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Fostering good water governance

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Started by Katalin Czippan on
03 Sep 2013 at 13:32

17.      Achieving universal, sustainable access to water and sanitation and managing water in an efficient manner requires good governance. This requires adaptive, agile and resilient institutions that can first identify then solve the water problems of today and cope with those of tomorrow. Good governance relies on building accountability and inter-sectoral complementarities at the right scale and is intrinsically linked to the political system.

 

18.      Good water governance is context-dependent and implies addressing interrelated issues. A set of overarching principles and place-based policies, aiming to better understand who does what, should be developed to enable the management of water at the appropriate spatial scales and levels. This should include innovative partnerships across sectors, monitoring and evaluation of progress and effectiveness, allocation of human and financial resources in line with responsibilities and enforcement of regulatory frameworks.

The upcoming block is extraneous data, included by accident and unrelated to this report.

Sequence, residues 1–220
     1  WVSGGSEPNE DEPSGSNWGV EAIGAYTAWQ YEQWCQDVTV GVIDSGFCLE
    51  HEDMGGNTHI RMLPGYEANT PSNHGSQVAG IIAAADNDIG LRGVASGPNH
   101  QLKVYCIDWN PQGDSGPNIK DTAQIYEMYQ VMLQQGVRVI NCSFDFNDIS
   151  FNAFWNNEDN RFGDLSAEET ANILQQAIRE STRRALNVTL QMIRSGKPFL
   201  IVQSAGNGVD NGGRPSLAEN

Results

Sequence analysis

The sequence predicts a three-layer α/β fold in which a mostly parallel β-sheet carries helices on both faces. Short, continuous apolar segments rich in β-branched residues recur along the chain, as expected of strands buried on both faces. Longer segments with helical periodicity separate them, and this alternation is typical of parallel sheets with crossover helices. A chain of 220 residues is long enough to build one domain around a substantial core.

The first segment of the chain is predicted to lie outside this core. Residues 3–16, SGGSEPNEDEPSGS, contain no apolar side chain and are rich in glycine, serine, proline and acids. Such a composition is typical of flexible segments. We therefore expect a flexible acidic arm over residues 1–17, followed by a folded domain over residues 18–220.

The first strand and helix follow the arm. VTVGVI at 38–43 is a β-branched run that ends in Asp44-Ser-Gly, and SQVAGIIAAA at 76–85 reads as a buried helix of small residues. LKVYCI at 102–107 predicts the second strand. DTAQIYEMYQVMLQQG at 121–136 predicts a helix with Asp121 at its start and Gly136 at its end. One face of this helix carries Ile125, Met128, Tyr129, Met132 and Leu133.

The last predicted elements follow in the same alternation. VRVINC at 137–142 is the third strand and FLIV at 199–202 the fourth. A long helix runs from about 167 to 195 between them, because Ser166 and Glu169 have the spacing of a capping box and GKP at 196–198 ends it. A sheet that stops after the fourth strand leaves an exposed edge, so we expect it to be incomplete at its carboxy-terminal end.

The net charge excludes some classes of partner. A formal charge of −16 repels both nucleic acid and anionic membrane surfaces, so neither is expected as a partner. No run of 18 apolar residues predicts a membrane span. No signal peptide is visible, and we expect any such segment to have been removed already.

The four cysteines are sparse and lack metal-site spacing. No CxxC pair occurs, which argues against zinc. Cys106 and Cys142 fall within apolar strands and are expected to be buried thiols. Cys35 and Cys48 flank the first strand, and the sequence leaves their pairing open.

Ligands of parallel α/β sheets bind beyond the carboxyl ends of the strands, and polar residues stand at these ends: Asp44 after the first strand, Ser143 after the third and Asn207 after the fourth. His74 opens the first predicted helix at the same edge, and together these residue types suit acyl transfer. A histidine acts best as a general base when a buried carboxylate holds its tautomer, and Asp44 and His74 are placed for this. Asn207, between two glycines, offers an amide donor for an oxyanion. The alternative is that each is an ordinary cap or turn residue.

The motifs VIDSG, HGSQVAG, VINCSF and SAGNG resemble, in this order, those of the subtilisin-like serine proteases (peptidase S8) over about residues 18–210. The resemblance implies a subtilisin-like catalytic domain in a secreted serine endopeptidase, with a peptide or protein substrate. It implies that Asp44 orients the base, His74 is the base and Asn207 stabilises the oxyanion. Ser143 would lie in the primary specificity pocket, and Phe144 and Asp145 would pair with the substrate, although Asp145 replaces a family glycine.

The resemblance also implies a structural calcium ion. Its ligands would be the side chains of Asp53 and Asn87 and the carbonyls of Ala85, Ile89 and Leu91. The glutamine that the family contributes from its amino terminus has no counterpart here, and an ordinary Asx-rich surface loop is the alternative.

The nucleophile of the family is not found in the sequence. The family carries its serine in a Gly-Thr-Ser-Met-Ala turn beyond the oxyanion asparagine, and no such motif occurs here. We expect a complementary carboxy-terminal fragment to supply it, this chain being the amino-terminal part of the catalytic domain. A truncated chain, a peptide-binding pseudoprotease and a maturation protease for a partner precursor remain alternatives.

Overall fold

19.      Water governance effectiveness depends on the institutional quality of authorities, the degree of sectoral and territorial integration, the performance of utilities, the level and diversity of stakeholder engagement, social inclusion, the quality and consistency of data disclosed, and anti-corruption practices. Together, all of these provide good water governance that is required for both a sustainable and a water-secure world.  When it comes to transboundary watersheds and aquifers water governance must go beyond national boundaries through the basin approach in management of shared resources through joint institutions and work programmes and wide international stakeholder participation.

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